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Family violence and physical assault sections of RTA now in force – HUD  

The Ministry of Housing and Urban Development (HUD) have announced a surprise change in relation to two new sections of the RTA, despite a lack of regulation.

The provisions from the RTA Amendment Act 2020, which enable victims of family violence to leave a tenancy at short notice, under Section 56B, and to enable landlords to terminate tenancies where a charge has been filed for assault, under Section 55AA, are now in force according to HUD.

These sections were meant to become law in August of 2021 but were apparently not enforceable because regulations needed to be passed.

There has now been a change of tune

“We have received legal advice that the provisions are in effect and can be used, even though the regulations are not yet in force,” policy and legislation design manager, Clair Leadbetter said.

This means a tenant can give their landlord a family violence withdrawal notice, attaching a form of evidence, and expect it to have effect. 

A landlord can serve a termination notice on a tenant if the tenant physically assaults them (or the landlord’s agent or a member of their family), the Police file a charge related to the assault, and the notice attaches a form of evidence the Police have filed a charge. 

“Please note the guidance is interim and not the same as detailed regulation,” Leadbetter said.  

“We cannot pre-empt the decisions that the Tenancy Tribunal may make related to the family violence withdrawal notice provisions or the termination for physical assault provisions if a dispute is brought in front of them. “

For family violence withdrawal notices, the notice must attach at least one form of evidence that the tenant has experienced family violence during the tenancy.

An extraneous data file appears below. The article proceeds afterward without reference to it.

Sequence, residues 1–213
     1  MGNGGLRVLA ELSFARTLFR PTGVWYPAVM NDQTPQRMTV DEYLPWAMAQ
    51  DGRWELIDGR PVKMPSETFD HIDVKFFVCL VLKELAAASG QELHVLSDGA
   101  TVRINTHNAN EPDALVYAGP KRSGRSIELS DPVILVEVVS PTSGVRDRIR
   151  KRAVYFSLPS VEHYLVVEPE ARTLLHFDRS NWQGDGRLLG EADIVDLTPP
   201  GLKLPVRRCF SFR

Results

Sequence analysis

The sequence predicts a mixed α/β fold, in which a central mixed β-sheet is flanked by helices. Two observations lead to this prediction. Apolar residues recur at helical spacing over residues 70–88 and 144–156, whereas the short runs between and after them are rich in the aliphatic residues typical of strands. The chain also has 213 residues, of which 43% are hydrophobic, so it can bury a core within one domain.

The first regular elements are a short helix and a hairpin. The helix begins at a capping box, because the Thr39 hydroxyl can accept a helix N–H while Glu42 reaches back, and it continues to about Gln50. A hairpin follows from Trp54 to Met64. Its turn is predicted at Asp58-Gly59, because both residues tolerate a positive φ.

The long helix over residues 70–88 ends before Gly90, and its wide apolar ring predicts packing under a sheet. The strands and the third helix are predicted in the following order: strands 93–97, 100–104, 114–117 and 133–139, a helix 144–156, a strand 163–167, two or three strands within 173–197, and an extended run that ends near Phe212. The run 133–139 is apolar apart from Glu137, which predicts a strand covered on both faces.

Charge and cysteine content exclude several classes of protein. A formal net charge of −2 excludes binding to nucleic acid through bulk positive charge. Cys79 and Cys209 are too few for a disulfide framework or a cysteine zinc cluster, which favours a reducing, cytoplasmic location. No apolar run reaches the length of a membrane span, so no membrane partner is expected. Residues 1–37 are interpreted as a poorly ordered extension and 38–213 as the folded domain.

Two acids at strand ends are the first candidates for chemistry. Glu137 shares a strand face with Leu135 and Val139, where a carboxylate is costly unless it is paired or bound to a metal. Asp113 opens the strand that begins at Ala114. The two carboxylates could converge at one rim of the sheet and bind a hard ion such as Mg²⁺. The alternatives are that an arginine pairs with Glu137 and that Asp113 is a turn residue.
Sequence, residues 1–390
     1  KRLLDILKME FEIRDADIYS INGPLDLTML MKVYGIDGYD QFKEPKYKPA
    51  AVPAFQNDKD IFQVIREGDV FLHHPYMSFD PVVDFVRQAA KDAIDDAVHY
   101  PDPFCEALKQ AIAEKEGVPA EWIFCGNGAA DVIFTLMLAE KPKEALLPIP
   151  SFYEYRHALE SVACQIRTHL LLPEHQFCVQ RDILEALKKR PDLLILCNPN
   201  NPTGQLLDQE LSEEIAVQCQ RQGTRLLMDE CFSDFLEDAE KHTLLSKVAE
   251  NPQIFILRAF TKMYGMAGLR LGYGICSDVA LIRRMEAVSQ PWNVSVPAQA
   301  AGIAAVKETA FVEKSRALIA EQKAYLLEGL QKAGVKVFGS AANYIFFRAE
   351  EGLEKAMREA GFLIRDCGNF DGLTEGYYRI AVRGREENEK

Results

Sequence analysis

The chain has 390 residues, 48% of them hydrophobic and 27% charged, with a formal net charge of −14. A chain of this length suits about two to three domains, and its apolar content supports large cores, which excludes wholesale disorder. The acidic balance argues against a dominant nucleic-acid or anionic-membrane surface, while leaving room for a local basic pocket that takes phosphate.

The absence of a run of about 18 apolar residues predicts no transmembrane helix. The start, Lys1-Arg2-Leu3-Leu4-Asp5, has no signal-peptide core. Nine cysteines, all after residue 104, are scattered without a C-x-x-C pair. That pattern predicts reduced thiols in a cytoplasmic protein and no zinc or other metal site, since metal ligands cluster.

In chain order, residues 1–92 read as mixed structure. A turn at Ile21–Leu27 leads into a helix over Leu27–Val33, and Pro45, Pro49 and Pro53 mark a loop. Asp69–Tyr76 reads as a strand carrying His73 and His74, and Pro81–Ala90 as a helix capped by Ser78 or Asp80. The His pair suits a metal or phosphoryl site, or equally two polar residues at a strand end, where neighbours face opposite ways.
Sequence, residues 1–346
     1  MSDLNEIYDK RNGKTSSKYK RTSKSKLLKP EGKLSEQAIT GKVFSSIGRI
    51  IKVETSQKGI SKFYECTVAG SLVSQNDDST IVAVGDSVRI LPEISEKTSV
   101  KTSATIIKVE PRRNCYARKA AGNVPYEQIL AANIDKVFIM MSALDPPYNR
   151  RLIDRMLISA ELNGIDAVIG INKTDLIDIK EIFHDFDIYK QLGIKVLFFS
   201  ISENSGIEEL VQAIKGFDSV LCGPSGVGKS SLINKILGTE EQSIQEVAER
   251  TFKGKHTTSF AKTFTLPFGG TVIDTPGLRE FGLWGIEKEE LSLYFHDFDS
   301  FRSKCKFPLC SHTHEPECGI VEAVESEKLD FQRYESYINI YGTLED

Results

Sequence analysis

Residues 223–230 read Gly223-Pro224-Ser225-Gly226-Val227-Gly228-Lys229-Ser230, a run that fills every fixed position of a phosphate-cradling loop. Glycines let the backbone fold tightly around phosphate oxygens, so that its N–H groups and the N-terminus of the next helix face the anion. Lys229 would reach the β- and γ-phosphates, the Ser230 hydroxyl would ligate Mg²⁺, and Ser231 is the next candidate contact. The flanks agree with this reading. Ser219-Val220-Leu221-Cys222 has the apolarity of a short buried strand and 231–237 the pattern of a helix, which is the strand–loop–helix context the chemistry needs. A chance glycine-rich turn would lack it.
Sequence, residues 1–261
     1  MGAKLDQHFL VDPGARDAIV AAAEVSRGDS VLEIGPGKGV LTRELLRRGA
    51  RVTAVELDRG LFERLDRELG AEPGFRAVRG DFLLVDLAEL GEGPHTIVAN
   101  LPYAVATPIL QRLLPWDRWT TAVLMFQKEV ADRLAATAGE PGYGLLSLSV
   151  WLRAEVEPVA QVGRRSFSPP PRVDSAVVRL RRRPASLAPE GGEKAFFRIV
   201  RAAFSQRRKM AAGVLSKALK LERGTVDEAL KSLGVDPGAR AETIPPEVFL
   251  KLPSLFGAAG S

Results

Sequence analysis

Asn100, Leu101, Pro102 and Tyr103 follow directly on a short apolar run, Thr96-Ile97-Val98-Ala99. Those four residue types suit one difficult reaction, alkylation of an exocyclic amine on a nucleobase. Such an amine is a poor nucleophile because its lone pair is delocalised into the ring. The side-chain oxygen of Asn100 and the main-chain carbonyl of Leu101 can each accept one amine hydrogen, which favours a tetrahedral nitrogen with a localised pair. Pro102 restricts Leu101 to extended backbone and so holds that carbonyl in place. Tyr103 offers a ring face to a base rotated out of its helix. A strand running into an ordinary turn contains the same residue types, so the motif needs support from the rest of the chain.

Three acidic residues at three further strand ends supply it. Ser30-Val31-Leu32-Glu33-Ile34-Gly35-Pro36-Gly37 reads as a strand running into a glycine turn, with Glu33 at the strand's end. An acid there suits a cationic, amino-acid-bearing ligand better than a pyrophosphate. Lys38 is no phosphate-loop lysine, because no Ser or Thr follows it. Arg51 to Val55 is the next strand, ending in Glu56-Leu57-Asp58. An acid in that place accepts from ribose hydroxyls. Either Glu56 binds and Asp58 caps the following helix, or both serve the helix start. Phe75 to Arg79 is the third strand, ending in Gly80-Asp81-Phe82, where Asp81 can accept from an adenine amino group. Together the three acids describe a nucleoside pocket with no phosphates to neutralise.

In the absence of regulations, examples of acceptable evidence could include: 

  • a letter or email from a medical professional (for example, a doctor or nurse), a social worker, or a family violence service provider 
  • a Police Safety Order, a Protection Order or charging document relating to the family violence that was issued during the tenancy.  

“We anticipate that the options for qualifying evidence of family violence will be significantly broader in the regulations than currently provided for in guidance. “

For physical assault termination notices, the notice must attach at least one form of evidence that the Police filed an assault charge. 

In the absence of regulations, examples of evidence could include: 

  • Police charging documents in respect of the assault 
  • written confirmation from police that charges for assault have been filed. 

“We are working to have the regulations in place as soon as possible to provide clarity and ensure that the provisions operate in accordance with Parliament’s intentions. “

“In the meantime, the Tenancy Tribunal will continue to decide any matter before it based on the facts of the case, including tenancy disputes involving family violence or terminations for assault.”

New regulations expected to be in place early 2023 

The new regulations are set to be drafted, approved and gazetted by December, and come into effect early 2023.

“Getting these regulations right for victims of family violence is important.”

However, we also appreciate that making these regulations has taken longer than we or the sector desired, and we acknowledge and understand any frustrations this delay has caused. “

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